I hear this comment from two different groups.

One, people who are not involved with the breed and have formed a misconception of the Standardbred.

Two, people who are involved within the breed but only from an “after racing” situation.

What we should remember (or learn for any new Standardbred fans) is when the Standardbred is in race training they’re not hoppled seven days a week forced to pace around and around the track forever and a day. Depending on the trainer and where the horse is up to with its training, they can be “fast worked” 2-3 times a week.

This is mixed up during the week with various training such as incorporating jogging up, swimming, galloping and a day off etc. With the various exercises the Standardbred becomes a fit athlete, capable of trotting, pacing, cantering and galloping.

I believe that many Standardbred riders out there are all individually trying hard to promote the breed with life after racing.  That’s why it is important that we support each other with our journeys, because it is damn hard to get the rest of the equestrian community to sit up and take notice. Especially to take you seriously in open competition.

common myths standardbred

Looking forward to sharing the next two parts to common myths surrounding the Standardbred.

Happy Training ?

Lessons learnt during our September competition

Arniwho APD

What a month September was, time as seriously flown by. I was fortunate enough to attend the SPPHA NSW Training Day with Kate Taylor-Wheat, Kate is our coach who I try and have lessons with at least every 2-3 months (time slips away a little too much!). I always look forward to a lesson, I love to see how far we have come from our previous lesson and where we are currently at working towards our goals. Plus Kate makes Arnie feel very clever! Such an amazing horse to work with. During the beautiful day at Suntori Park at the SPPHA NSW training day, we worked through our lengthening movements. You can read the full lesson recap here. ?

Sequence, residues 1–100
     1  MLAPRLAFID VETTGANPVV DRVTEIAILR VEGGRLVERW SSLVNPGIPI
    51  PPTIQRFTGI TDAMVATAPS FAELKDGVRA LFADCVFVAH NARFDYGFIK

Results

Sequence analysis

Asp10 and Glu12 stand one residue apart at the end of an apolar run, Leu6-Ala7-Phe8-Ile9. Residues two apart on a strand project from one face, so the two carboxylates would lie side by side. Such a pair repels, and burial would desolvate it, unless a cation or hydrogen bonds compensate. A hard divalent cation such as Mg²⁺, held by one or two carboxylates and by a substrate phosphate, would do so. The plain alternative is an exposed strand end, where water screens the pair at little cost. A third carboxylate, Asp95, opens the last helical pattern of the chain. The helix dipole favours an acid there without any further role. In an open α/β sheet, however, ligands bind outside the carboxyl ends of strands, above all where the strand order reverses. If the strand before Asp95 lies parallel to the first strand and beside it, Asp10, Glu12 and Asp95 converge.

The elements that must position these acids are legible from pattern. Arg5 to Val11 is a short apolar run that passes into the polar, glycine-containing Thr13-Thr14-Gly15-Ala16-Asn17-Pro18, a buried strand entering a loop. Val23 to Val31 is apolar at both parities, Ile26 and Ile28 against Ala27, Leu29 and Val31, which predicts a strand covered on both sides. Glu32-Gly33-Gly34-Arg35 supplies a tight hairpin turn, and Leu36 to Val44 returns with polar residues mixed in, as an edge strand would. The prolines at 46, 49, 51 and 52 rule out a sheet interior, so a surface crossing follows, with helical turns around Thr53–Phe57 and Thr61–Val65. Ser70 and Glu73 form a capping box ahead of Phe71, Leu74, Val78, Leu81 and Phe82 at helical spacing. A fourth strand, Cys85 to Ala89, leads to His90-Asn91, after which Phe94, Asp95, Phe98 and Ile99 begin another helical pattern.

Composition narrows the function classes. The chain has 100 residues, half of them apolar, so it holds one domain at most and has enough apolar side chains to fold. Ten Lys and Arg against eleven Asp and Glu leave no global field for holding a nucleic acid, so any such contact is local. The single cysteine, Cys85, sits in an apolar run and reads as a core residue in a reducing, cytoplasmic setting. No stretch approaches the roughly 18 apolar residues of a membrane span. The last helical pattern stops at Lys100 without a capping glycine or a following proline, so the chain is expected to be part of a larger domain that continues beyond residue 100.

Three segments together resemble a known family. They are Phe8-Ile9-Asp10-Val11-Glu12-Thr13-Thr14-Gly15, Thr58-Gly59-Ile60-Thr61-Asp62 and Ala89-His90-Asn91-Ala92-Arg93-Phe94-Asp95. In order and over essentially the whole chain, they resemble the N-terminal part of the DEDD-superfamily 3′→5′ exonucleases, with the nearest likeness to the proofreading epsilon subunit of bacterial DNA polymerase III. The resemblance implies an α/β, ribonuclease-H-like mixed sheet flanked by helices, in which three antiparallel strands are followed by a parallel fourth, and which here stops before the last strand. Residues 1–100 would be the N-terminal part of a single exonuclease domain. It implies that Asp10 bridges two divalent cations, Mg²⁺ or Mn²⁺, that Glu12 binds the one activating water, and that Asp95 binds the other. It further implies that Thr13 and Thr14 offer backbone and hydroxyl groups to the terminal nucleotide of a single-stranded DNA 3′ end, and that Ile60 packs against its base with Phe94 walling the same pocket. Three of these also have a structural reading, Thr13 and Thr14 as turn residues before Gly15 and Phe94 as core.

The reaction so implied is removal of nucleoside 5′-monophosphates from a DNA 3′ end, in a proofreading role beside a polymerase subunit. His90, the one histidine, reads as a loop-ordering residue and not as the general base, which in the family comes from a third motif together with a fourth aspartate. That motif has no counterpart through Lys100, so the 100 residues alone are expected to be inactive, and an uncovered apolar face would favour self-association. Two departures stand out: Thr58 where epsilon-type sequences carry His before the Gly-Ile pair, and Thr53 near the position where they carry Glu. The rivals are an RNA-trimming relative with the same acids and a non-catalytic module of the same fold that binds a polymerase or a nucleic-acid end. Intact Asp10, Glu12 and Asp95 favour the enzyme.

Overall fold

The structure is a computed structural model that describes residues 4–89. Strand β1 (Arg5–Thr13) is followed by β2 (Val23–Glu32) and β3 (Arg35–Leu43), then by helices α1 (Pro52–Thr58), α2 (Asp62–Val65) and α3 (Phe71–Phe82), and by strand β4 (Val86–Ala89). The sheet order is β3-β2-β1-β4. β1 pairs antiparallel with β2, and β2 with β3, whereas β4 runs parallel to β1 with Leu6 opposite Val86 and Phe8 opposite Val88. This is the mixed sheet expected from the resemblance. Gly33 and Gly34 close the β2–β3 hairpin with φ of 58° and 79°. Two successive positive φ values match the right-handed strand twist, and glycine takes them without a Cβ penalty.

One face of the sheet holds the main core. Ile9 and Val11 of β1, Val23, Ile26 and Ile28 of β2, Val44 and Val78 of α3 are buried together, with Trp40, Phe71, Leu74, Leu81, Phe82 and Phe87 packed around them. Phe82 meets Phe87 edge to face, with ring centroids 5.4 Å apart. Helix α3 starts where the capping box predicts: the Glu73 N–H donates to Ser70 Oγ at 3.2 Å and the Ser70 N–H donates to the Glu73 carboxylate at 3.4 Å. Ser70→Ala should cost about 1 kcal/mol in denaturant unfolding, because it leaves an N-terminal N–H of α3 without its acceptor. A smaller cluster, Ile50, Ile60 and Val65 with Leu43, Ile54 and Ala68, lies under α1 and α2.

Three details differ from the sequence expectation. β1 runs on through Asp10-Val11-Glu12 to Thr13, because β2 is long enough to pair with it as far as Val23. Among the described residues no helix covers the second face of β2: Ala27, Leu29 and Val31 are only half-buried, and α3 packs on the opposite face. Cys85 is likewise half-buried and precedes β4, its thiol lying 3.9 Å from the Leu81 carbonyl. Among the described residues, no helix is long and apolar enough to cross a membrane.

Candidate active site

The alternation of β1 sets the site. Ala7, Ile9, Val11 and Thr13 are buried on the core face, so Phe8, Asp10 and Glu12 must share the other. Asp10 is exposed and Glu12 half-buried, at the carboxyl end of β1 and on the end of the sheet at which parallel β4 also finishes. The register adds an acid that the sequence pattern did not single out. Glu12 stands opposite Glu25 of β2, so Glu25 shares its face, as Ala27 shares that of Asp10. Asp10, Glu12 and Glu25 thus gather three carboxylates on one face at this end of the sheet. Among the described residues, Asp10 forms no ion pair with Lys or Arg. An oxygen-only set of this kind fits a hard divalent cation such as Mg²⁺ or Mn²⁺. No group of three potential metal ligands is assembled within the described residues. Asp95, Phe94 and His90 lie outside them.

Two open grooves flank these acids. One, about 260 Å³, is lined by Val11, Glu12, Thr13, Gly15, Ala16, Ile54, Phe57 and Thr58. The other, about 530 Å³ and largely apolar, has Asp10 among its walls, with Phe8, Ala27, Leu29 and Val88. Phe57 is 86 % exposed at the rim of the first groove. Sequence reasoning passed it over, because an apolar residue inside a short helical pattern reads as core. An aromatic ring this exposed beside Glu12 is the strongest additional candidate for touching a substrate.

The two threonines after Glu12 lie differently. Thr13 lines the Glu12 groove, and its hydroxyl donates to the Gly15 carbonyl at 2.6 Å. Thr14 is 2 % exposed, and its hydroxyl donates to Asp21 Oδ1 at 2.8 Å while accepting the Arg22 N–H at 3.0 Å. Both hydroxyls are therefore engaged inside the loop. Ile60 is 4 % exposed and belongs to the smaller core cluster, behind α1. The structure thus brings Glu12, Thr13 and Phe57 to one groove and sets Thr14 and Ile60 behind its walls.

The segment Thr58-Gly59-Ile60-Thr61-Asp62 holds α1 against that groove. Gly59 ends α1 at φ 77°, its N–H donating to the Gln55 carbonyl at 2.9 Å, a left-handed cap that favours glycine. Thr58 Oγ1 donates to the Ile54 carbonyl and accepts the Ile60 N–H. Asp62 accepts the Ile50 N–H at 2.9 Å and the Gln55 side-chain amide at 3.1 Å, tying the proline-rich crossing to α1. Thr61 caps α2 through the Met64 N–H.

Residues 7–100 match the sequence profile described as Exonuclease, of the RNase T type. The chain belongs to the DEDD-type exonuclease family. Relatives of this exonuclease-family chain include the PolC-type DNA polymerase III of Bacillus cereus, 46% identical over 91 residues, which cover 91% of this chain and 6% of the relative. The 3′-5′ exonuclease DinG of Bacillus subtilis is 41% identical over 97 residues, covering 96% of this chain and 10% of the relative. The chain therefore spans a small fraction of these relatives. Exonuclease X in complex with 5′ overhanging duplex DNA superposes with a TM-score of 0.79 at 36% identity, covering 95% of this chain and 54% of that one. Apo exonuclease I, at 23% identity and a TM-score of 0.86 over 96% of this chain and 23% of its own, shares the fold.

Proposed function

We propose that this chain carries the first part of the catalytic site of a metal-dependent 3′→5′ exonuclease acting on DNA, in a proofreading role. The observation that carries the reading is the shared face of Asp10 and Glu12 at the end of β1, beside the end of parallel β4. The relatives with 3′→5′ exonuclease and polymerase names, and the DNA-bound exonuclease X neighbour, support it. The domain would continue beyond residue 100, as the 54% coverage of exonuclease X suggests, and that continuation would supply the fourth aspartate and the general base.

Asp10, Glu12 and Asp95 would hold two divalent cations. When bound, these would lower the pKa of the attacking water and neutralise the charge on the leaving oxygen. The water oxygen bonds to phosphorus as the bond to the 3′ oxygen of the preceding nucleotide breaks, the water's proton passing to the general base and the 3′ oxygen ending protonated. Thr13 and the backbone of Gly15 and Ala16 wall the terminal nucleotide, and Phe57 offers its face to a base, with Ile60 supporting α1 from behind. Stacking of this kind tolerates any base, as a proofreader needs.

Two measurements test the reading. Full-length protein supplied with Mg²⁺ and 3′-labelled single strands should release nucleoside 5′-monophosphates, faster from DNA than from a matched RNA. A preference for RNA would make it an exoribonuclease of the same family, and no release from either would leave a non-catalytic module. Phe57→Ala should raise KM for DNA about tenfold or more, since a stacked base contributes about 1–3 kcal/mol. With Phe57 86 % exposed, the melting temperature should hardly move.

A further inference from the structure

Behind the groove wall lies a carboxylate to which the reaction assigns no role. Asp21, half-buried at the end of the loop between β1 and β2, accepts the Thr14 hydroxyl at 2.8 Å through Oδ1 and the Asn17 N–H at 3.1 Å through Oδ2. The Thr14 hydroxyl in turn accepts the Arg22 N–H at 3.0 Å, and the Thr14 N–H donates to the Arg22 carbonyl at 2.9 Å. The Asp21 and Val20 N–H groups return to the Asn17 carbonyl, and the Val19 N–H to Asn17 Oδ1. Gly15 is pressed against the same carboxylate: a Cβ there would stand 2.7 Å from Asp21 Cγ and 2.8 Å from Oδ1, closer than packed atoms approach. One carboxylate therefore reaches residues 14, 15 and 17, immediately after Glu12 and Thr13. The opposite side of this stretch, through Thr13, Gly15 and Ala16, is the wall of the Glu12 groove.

So, when it came to our competition the following weekend I was more than ready to set my goals! I entered two unofficial Novice tests with 3 main points in mind.

  1. Improve our scores with our lengthen trot
  2. Improve our scores with our lengthen canter
  3. Improve our marks for the 10 m trot circles and 15 m canter circles.

I’m so proud that we managed to tick 2 out of the 3 off from our competition! We improved our lengthen trot to get both 6 & 6.5 in our tests put a smile on my face! Our circles were pretty sharp also ?